Arnol’d in his Ordinary Differential Equations, states that

The propagation of heat is a semideterministic process: the future is determined by the present but the past is not.

How is this so? If there is a differential equation to determine the future, can’t we use the same equation to backtrack the past?

  • $\begingroup$ math.stackexchange.com/q/628720/87420 $\endgroup$ – Kyle Kanos Aug 12 at 11:50
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    $\begingroup$ @KyleKanos I’m not asking the time reversibility, but the determinacy your of the equation on the reverse direction. $\endgroup$ – Atom Aug 12 at 12:05
  • $\begingroup$ Isn't that link saying the same thing as your accepted answe here? The two equations are different, so why would you expect the same solution to apply to both? $\endgroup$ – Kyle Kanos Aug 12 at 14:37
  • $\begingroup$ @KyleKanos I think, it is saying that the equation is not rendered the same upon time-reversal. What I’m asking is whether a given initial condition, why we can’t employ the time-reversed to get the origin of the initial condition. $\endgroup$ – Atom Aug 12 at 14:52
  • $\begingroup$ And the answer to that question is as above: it's a different equation so why would you expect the same solution to different equations? $\endgroup$ – Kyle Kanos Aug 12 at 14:55

I did not check the reference, so I may be missing something.

However, here is what I think. Many different "pasts" can lead to the present solution, and there is only a single far future.

Take a metallic rod in a room at temperature $T_\text{ambiant}$. No matter where nor by how much you heat it, the final state (which theoretically is never reached but in practice is) will be the same: the rod will have an homogeneous temperature, that of the room $T_\text{ambiant}$. From that state, you cannot go back and guess how the initial temperature was.

In your question you mention to use the same equation to backtrack the past, but you cannot do that. The equation contains an initial condition, and this part differs if you start in the final state compared to starting in an earlier state. So while the heat equation that describes the dynamics of the temperature change is the same in both cases, the initial conditions aren't the same. And it turns out that infinitely many different prior states can lead to the same present (or future) states.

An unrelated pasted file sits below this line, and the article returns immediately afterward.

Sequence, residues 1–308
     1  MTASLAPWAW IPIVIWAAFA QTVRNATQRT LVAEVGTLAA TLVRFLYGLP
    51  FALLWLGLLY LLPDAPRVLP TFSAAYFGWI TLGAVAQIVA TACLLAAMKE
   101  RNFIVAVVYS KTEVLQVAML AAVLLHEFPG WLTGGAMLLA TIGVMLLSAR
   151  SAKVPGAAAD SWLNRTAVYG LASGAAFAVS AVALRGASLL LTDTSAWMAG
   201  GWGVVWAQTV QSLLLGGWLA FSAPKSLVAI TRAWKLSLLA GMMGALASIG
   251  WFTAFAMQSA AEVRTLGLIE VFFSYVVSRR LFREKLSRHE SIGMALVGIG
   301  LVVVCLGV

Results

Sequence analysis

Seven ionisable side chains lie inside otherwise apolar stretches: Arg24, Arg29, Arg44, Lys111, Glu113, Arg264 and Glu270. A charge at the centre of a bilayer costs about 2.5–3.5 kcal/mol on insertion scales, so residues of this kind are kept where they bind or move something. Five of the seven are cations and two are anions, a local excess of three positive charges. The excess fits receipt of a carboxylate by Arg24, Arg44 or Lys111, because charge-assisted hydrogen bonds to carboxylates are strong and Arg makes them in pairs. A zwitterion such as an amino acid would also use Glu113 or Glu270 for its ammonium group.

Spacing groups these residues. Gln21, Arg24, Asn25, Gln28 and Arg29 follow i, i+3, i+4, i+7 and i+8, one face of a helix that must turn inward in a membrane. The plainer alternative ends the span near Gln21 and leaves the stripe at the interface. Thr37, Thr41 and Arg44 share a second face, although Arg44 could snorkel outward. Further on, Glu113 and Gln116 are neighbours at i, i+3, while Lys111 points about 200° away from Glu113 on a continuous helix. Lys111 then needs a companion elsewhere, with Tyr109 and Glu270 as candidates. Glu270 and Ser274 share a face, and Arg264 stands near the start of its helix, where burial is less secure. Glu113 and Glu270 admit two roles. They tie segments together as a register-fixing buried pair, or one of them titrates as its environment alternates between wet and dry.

Clarifying my last paragraph a bit more, as suggested in a comment. Take the rod again, this time we take a snapshot of the temperature distribution. We notice that the temperature is uniform and the same everywhere. From this, we cannot conclude that this was always the case. In fact, it could be that it was always like that, that the rod is in thermal equilibrium. But there is also infinitely many possibilities that lead to this state, for example if the rod was heated anywhere by any (reasonable) amount. The two totally different initial conditions lead to the same final state.

If the snapshot shows a Gaussian-like temperature distribution, you cannot know whether it is due to a Dirac delta-like initial perturbation from an otherwise uniform temperature distribution that lead to this state, or whether the rod was heated all along its length in such a way as to make a Gaussian-like temperature distribution. Here again, we have a present state, but we cannot know what prior states lead to the present state. However we do know how the present state will evolve, thanks to the heat equation and our initial conditions (the snapshot temperature distribution).

Another perspective is that the heat equation is not invariant under time reversal. It means that if one changes $t$ to $-t$, then the heat equation is not valid anymore. In other words, it is not able to describe the dynamics of the evolution of temperature when time goes backward. From that perspective, one can realize that one cannot retrieve information about the past, i.e. one cannot describe how the temperature changed with time to arrive at a particular temperature distribution.

  • $\begingroup$ Great answer! Can you just clarify the last paragraph a bit more? $\endgroup$ – Atom Aug 12 at 13:15
  • $\begingroup$ So this means that three form that the equation takes for a given setup also depends on the initial temperature profile of the object? $\endgroup$ – Atom Aug 12 at 14:08
  • $\begingroup$ @Atom No, the heat equation is what it is. It's the initial conditions that depend on the time one sets as initial. And one solve for the equation + initial (and boundary) conditions. $\endgroup$ – thermomagnetic condensed boson Aug 12 at 15:06
  • $\begingroup$ But what is the "thing" (physical reason) which causes heat propagation to not have a unique history given an initial setup? $\endgroup$ – Atom Aug 12 at 15:12
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    $\begingroup$ SE posts are version controlled, so please do not make your post look like a revision table, instead just seamlessly integrate the new material into the post. There is an edit history button at the bottom of the post for those interested in seeing what changed. $\endgroup$ – Kyle Kanos Aug 16 at 17:12

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